Date of Award
Master of Science (MS)
Dr. James R. Reilly
A study of the nesting and brood habitat preferences of sharp-tailed grouse (Pedioecetes phasianellus jamesi Lincoln) was conducted in southwestern North Dakota during the reproductive seasons of 1969 and 1970. Radio telemetry was used to monitor the spring and summer activities of seventeen sharp-tail hens. Eight brooding hens were semi-continuously radio-tracked for movement and cover selection. A quantitative and qualitative analysis of seventeen nests and eight renests was made to determine the preferred nesting cover and the effects of intensive grazing upon it .. Nests were established either in non-use areas or in areas of light to moderate grazing. These included both taller patch vegetation of draws and shorter uniform vegetation of open fields; greater hatching success occurred in the uniform areas. Important nest site species included crested wheatgrass (Agropyron cristatum), buckbrush (Symporicarpos occidentalis), and sweet clover (Melilotus officinalis). Non-use grasslands, edges of heavily grazed pastures, and brushy draws were utilized extensively by broods.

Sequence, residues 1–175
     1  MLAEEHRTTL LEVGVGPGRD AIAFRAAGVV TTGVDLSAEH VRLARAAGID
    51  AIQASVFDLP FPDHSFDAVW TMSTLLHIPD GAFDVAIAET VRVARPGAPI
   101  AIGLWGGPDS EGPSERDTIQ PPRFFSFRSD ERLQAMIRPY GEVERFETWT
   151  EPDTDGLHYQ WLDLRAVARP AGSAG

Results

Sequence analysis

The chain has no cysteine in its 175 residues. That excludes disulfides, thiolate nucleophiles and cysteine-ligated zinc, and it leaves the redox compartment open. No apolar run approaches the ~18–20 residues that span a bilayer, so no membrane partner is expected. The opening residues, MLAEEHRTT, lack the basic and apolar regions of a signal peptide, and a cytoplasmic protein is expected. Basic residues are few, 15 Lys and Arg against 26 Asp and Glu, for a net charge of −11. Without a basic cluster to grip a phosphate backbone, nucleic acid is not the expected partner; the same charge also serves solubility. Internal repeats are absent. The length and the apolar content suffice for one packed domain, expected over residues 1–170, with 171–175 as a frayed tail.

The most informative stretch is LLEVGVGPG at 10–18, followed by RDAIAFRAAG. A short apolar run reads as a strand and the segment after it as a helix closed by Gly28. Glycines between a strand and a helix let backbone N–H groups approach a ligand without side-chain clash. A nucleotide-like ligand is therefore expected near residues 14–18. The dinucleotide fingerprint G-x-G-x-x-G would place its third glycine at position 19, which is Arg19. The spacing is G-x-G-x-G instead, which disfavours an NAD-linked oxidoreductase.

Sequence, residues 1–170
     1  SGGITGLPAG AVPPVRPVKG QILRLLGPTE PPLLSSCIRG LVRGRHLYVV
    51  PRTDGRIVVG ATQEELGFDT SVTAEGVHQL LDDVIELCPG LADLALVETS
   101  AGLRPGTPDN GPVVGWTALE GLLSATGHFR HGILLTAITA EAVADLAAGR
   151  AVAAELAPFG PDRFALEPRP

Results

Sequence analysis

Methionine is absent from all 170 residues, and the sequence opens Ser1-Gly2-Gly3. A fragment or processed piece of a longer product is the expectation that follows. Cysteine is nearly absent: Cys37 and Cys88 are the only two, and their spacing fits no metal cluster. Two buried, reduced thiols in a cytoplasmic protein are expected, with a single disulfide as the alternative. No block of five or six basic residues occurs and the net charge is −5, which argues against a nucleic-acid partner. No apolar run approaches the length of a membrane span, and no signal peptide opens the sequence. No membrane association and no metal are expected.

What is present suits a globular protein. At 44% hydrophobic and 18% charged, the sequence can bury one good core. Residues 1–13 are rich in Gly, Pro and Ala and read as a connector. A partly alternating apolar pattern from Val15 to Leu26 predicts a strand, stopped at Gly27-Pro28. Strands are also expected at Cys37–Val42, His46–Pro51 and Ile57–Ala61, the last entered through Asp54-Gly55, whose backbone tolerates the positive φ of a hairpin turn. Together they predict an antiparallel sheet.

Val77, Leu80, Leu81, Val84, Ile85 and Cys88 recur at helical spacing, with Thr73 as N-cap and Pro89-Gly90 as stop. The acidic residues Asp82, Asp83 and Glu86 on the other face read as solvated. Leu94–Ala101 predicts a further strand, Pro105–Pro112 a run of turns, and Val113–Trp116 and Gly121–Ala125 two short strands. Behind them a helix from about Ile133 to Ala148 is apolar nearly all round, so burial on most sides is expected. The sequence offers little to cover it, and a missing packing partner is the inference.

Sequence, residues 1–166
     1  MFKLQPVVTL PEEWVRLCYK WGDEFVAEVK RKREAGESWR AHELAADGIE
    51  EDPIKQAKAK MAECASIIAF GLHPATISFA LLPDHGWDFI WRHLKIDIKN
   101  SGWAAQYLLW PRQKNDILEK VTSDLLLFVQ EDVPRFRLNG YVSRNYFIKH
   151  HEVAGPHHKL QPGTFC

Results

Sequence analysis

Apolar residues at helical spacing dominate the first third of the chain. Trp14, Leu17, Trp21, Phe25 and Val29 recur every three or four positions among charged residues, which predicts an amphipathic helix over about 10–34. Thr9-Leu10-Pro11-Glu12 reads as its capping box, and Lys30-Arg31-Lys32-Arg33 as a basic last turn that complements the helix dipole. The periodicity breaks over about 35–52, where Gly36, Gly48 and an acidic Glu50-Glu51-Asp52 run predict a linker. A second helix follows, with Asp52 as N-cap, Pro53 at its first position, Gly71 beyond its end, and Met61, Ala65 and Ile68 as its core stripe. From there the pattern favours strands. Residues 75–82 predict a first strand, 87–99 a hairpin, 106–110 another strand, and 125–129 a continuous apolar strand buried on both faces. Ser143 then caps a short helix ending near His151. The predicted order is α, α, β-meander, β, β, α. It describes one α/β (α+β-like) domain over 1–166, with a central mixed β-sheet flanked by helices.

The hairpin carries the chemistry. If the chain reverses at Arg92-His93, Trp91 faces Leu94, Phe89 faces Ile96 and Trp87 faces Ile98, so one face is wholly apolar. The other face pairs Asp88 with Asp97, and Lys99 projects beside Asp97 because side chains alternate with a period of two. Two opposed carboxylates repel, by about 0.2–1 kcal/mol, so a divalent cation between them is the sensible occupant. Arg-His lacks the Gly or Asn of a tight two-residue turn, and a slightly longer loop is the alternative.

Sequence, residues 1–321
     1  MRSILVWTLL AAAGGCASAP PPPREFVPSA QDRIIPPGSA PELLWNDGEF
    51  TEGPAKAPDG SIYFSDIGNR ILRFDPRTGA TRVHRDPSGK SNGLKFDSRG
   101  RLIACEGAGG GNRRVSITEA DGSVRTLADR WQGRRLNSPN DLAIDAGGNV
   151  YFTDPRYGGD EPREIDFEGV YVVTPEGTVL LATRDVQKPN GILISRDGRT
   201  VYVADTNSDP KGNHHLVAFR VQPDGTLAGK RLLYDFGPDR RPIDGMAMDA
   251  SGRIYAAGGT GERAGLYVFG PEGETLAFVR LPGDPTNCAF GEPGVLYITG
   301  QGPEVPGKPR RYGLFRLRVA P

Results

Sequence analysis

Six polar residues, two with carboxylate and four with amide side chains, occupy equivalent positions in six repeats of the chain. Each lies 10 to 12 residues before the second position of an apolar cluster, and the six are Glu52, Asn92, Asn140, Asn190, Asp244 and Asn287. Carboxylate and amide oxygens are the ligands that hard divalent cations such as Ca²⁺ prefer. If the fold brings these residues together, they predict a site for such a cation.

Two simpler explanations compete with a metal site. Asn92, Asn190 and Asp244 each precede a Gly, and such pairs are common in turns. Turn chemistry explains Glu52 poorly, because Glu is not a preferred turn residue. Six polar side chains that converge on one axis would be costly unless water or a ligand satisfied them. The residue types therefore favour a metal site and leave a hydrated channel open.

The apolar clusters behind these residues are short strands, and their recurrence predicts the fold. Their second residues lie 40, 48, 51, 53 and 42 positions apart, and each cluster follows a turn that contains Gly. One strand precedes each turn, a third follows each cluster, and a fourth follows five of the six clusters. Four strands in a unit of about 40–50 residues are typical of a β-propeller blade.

Christenson, Carter Drew, "Nesting and Brooding Characteristics of Sharp-Tailed Grouse (Pedioecetes Phasianellus Jamesi Lincoln) in Southwestern North Dakota" (1970). Theses and Dissertations. 1205.